Forgotten (non)Leodhasach Explorers : Part 2 of Some – Marag-o Pollochar and the Silk-Cut Road to J&E’s.

25 04 2020

We don’t chust do celebrity obituaries at the Made Up History of Stornoway, although you could be forgiven for thinking that these days. So here’s some proper historical made-up history for a change – Number 2 in our series on Forgotten Leodhasach explorers.

This cove wasn’t actually a Leodhasach at all at all, but since Lewis was where he did most of his exploring (and seeing he wasn’t from very far away) we’ll count him in anyway.

Marag-o Pollochar was a merchant and explorer from South Uist, where his parents had a small inn. In the 13th century there was no decent bakery in the Uists, and so bread from Stornoway was highly prized and extremely rare, particularly the plain loaves produced by the legendary J&E Macleod on the corner of Church St and Kenneth St. The Uibhistich didn’t actually know how to get to J&E’s themselves; It was a long way away, back in them days, across the trackless wastes of Harris and Lochs. So they had to buy their bread via the Hearachs, who jealousy guarded the location of their source and charged a fleekeen huge markup.

Marag-o realised that if he could map out the mythical route to J&E’s himself, he’d be able to cut out the Hearachs and trade with the legendary Stornoway bakery directly.

After sailing across the Sound of Harris by night, Marag-o donned the garb of a Hearach tribesman (boiler suit, turned-down wellies, manky tweed chacket with a quarter bottle in the pocket, a bonaid chlò, and a rollup behind each ear). 

Confident in his ability to blend in, he set out on what was to be an epic series of peregrinations that took him to every corner of South Harris but, after 10 years, found him no nearer the fabled land of J&E. Eventually Marag-o decided it was time to stop trying to get to Stornoway by Mitchell’s bus, and set off from Rodel by foot instead.

After traversing the length of the Golden Road, hitching a ride on a camel train across the Govig Desert, and fighting off yetis on the high mountain passes of the Clisham, Marag-o finally crossed the border into Lewis.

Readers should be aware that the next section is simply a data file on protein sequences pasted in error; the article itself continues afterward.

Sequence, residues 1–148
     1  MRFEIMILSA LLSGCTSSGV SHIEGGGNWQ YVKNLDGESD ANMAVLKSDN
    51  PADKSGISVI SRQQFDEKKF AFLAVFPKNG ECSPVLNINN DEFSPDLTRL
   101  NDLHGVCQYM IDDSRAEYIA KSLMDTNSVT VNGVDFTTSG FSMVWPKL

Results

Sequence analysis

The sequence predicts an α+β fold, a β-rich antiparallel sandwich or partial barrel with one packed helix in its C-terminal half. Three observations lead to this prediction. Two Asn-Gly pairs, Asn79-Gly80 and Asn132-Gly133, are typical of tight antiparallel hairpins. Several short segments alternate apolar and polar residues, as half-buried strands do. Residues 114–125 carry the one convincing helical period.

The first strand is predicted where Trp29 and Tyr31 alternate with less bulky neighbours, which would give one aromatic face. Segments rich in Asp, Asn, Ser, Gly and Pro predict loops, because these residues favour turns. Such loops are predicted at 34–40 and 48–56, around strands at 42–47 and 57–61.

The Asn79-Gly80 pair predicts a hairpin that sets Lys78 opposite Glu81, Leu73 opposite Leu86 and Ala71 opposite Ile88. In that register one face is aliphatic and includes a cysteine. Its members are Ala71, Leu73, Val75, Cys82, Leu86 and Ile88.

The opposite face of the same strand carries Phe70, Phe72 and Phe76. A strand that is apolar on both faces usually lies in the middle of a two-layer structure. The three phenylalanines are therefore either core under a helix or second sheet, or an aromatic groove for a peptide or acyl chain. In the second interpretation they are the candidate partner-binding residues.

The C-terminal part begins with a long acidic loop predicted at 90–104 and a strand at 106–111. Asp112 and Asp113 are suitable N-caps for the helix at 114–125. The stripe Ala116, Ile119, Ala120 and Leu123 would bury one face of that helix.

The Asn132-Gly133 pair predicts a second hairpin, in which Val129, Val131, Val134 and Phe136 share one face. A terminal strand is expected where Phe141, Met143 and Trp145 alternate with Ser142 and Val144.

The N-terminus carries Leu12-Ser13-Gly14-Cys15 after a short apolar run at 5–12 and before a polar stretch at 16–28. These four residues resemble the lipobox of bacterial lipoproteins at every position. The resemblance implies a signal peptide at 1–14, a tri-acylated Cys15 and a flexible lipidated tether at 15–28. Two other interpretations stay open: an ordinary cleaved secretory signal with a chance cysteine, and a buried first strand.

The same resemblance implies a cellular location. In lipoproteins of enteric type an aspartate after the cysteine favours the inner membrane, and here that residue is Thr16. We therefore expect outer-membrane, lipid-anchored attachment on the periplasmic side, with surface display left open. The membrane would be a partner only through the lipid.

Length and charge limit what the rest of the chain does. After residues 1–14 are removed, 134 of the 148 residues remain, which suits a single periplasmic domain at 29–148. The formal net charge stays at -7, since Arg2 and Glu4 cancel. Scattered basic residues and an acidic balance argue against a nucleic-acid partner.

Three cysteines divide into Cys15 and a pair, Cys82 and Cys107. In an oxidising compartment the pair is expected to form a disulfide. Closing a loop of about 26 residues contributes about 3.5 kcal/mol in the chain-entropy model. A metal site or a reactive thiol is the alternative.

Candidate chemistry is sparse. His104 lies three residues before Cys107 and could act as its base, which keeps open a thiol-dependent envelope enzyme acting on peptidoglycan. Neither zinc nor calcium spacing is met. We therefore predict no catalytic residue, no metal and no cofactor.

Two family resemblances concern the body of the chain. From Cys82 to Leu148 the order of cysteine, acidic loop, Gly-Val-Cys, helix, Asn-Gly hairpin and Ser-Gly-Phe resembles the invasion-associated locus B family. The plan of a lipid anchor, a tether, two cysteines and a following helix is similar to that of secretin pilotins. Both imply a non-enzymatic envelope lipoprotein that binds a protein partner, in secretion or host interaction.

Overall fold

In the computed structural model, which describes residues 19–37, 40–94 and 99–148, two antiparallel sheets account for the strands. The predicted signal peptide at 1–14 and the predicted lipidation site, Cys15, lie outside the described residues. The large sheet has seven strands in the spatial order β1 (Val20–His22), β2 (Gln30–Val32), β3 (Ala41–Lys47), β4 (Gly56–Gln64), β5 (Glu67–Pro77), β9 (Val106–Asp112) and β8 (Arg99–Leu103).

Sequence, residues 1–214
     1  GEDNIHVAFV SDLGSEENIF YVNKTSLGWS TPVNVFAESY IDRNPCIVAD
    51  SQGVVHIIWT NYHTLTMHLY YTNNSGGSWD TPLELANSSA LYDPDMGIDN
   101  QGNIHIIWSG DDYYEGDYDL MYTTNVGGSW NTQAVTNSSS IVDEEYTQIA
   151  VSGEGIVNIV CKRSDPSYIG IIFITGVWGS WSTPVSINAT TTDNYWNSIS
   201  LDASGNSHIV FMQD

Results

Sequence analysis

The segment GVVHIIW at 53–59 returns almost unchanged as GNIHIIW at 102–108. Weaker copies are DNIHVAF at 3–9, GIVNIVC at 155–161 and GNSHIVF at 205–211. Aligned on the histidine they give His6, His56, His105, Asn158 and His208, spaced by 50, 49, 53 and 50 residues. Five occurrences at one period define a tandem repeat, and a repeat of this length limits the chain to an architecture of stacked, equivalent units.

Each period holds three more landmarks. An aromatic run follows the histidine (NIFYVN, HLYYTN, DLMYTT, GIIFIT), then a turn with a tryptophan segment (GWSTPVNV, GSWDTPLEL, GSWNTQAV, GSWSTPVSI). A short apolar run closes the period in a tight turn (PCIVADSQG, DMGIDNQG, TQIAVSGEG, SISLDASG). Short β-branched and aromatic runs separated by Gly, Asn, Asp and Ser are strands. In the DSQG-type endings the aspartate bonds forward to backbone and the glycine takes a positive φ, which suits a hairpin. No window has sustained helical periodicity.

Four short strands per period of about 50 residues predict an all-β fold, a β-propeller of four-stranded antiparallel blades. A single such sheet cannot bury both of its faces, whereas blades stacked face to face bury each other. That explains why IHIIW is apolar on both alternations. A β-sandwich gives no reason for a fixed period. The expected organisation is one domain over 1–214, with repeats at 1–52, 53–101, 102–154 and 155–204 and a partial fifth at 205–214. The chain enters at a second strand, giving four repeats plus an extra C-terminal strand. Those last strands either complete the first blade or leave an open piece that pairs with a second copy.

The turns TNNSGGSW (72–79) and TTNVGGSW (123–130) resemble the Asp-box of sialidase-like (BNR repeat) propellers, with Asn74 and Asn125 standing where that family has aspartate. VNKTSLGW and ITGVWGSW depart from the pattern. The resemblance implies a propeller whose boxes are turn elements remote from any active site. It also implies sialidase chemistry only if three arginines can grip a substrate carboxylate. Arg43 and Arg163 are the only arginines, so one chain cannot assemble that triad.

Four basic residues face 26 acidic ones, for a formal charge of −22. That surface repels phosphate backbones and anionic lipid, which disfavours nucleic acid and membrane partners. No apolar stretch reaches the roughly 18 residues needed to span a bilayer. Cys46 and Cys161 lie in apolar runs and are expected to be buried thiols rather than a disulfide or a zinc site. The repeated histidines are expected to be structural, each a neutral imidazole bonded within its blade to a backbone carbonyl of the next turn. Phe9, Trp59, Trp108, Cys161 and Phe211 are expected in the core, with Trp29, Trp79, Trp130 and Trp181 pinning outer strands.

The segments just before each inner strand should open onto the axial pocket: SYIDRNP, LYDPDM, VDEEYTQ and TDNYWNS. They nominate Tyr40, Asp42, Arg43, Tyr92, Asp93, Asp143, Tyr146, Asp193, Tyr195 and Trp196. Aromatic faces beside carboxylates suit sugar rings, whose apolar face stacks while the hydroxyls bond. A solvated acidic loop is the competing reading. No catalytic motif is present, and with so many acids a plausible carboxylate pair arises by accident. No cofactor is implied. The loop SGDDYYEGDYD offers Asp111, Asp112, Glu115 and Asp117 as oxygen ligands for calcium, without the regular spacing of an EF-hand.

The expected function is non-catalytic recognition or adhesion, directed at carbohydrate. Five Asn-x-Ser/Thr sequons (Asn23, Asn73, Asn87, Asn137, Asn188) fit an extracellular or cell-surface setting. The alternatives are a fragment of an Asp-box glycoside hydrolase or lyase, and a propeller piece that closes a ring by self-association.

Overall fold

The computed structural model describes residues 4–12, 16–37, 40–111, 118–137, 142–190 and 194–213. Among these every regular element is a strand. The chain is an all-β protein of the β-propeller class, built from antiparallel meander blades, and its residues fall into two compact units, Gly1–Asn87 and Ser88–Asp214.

In the tale of his journey, dictated many years later to his cellmate in a Gerinish prison, Marag-o told of many wonders encountered along the route. These included giants, cyclopseses, and a race of strange half man/half sheep/half deer/half salmon creatures inhabiting the ruined city of Airidhbhruachstrakhan.

After leaving the fabled but lawless Silkcut Route city of Bukharalallan, Marag-o and his party were followed by a party of dastardly local brigands who ambushed them and stole all their supplies.

Nearly starved to death, the gallant adventurers staggered into the grand bazaar at Samarkameronterrace just in time to haggle for the last bridie on the shelf and get it heated up in the microwave. With this exotic sustenance onboard, Marag-o girded his loinchops and set out on the last few miles to the fabled East. 

Passing the city dump and navigating through a forest of early wind turbines (fenceposts with seagull feathers nailed onto a wooden circle), Marag-o at last came to the Great Cattle Grid. At first the fierce Easterner tribesmen looked upon Marag-o with suspicion, but when they found out he spoke Gaelic (albeit with a Uist accent) they relaxed their guard slightly and escorted him to Sandwick Road and the headquarters of the Great Kublai Khan-seo, the Emperor of J&E’s.